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The origins of hydroelectricity

Polly Higgins

6th September, 2007

In my pursuit to better understand energy systems, my journey has taken me to Cragside in Northumberland

The bizarre and remarkable home designed by Norman Shaw for the victorian industrialist, scientist, engineer and technical innovator, William George Armstrong (1810-1990). Perched on a crag amidst it's own micro-climate created by seven million trees of Armstrong's planting, it is the first house in the world to be powered by hydroelectricity.

It was while observing a waterwheel in action supplying power to a marble quarry, it struck Armstrong that much of the available power was being wasted. And so, very much in the manner of the Victorians of that time, off he headed to invent, amongst other things, the hydraulic crane - a quayside crane powered by water pressure. So successful was this invention that he resigned from his legal practise, raised the necessary financial backing, built a factory to manufacture cranes and other hydraulic equipment which he went onto sell in enormous quantities throughout the world.

And so there the might story end, but no...
In the spirit of a true entrepreneur, Armstrong diversified, with yet more success, into guns and warships...but I was visiting Cragside to learn more about his interests in renewable energy systems. 150 years ago Armstrong foresaw the energy predicament that we face today. Coal, he opined, 'was used wastefully and extravagantly in all it's applications.' In 1863, he predicted that 'England will cease to be a coal producing country...within 200 years.'

Armstrong believed the future lay in the harnessing the forces of water, wind and sun, but recognised that the uptake of the generation of electricity by renewable power was dependent on the end of the use of fossil fuels. He calculated that "the solar heat operating on one acre [4047m2] in the tropics would ...exert the amazing power of 4000 horses acting for nearly nine hours every day' speculating that the 'direct heating action of the sun's rays' might be used 'in complete substitution for a steam engine.' A man ahead of his time, if alive today he doubtlessly would have been a vocal proponent of CSP.

In a speech to the British Association for the Advancement of Science in 1870 (of which he was then president), Armstrong predicted the widespread use of hydroelectricity, stating that 'whenever the time comes for harnessing the power of great waterfalls the transmission of power by electricity will become a system of great importance'.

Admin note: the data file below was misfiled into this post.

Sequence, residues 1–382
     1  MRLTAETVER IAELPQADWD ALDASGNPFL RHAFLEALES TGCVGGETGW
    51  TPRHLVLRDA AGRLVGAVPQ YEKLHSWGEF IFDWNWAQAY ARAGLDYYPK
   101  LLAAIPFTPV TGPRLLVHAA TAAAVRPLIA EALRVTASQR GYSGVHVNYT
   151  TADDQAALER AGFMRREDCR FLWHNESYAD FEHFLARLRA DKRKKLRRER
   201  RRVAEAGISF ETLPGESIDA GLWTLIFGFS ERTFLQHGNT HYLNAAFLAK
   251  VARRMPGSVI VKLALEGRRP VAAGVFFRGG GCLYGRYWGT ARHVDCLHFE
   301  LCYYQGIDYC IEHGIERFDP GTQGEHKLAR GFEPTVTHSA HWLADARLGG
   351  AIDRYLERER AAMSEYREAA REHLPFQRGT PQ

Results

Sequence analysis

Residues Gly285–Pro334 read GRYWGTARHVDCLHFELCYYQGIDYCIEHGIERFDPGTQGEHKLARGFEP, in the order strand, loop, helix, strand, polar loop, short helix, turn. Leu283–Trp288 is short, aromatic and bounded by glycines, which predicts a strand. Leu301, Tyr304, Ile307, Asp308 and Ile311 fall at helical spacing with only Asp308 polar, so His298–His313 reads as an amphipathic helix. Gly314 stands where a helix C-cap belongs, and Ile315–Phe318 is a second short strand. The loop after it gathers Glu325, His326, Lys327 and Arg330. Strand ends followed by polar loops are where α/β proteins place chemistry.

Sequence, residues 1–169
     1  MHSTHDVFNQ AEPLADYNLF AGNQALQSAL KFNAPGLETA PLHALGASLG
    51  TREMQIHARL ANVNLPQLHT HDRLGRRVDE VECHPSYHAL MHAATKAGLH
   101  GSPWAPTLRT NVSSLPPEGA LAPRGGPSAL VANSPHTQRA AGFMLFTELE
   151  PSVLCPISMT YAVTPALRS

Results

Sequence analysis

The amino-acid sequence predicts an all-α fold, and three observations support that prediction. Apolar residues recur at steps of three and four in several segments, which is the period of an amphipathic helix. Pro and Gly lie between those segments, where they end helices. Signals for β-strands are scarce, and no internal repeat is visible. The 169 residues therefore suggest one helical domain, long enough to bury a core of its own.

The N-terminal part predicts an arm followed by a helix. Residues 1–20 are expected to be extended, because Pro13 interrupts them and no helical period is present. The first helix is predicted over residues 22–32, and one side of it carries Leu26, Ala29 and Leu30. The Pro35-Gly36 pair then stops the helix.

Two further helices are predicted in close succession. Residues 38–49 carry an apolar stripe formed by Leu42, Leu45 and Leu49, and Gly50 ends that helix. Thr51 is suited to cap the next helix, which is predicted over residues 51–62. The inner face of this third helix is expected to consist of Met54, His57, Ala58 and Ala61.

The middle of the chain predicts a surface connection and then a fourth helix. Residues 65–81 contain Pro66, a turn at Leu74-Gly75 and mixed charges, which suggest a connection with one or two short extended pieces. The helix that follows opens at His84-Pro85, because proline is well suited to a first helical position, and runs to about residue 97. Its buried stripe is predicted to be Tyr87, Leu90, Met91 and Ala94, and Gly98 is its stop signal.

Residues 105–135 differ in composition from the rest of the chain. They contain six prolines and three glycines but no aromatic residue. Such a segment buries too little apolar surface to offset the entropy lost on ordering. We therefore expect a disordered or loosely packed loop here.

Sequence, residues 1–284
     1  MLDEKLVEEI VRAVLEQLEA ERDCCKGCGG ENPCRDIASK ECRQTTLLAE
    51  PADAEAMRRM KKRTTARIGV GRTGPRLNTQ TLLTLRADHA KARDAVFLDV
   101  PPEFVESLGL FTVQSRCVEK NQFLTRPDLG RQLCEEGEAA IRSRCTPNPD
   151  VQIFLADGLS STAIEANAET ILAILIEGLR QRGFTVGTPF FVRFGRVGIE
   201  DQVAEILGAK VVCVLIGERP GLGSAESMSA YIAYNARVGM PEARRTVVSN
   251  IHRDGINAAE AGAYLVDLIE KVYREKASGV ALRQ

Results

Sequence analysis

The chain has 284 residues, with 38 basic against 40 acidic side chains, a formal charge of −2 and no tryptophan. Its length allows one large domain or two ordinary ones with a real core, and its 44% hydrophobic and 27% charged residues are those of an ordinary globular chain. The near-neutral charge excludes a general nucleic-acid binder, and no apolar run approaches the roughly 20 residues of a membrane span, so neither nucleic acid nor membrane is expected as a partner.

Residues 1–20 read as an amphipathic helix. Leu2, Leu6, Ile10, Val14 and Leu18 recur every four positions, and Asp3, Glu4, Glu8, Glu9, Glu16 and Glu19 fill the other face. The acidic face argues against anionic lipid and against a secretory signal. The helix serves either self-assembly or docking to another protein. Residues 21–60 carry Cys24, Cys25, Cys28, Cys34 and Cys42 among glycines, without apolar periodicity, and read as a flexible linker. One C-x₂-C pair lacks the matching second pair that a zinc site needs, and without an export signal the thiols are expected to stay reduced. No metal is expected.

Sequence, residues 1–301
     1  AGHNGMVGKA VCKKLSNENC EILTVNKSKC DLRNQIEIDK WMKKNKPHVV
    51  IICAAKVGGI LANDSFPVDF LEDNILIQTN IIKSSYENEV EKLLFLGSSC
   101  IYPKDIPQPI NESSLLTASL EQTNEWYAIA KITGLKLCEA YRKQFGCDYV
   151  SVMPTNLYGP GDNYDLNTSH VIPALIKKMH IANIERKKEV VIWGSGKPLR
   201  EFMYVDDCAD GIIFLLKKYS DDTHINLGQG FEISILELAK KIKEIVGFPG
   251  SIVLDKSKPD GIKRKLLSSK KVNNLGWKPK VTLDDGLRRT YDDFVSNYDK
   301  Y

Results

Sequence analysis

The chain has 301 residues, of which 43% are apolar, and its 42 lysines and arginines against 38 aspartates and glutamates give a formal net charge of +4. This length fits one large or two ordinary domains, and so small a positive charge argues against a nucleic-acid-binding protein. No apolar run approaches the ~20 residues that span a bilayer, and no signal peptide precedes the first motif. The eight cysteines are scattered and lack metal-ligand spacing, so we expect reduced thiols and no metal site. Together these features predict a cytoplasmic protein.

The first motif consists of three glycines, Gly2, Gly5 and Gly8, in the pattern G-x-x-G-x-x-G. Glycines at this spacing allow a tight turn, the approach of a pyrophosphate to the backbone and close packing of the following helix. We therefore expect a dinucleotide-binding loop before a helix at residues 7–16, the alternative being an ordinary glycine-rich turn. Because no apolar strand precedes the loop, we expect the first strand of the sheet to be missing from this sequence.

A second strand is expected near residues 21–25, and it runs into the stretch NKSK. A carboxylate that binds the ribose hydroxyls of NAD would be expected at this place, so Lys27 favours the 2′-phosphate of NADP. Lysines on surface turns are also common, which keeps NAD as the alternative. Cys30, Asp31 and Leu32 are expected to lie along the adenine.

That same year Armstrong created Debdon Lake to use the water running through his estate to supply the world's first hydroelectric power station. This powered various labour-saving devices in his house including a roasting spit, a dishwasher and (a wonderful innovation) a servants lift. Turkish baths were installed as part of the innovative provision of central heating for the house, electricity facilitated the installation of an arc lamp in 1878 and the first of his friend Joseph Swan's incandescent light bulbs were installed in time for christmas 1880.

Armstrong became Britain's largest industrialist and one of the richest men in Europe. He was the first engineer bestowed a Peerage in 1887, finally dying in 1900 at the age of 90. But just as he brought so much light into his life and for others (he was exceptionally happily married to Margaret, herself an accomplished gardener, and a popular and well loved man locally), so it was with his death that the lights began to dim. From such riches, sadly, over the decades, Cragside fell into decline and likewise hydroelectricity fell out of favour.

Once more those lamps are filling Cragside with light. Now gifted to the National Trust, thanks to an extensive renovation programme the house has been completely rewired and reopened earlier this year. The aim is to reconnect the water supply from Nelly Moss Lakes to Armstrong's original Power House and to use a modern generator to provide hydroelectric heating and lighting to the building. Cragside would then be returned full circle to it's original state: a highly efficient self-contained decentralised electric infrastructure, independent and without reliance on our existing centralised electricity system with all it's attendant shortcomings of our current energy crisis.

So too must we look to ways to keep the lights on. Armstrong with his characteristic prescience stated 'As in the vegetable kingdom fit conditions of soil and climate quickly cause the appearance of plants, so in the intellectual world fitness of time and circumstance promptly call forth appropriate devices. The seeds of invention exist, as it were, in the air, ready to germinate whenever suitable conditions arise, and no legislative interference is needed to ensure their growth in proper season.' Let us hope that our current legislation does not prove to be an insurmountable block to the promotion of such renewable energy and decentralised systems.

This article first appeared in Polly Higgins blog The Lazy Environmentalist

This article first appeared in the Ecologist September 2007

 

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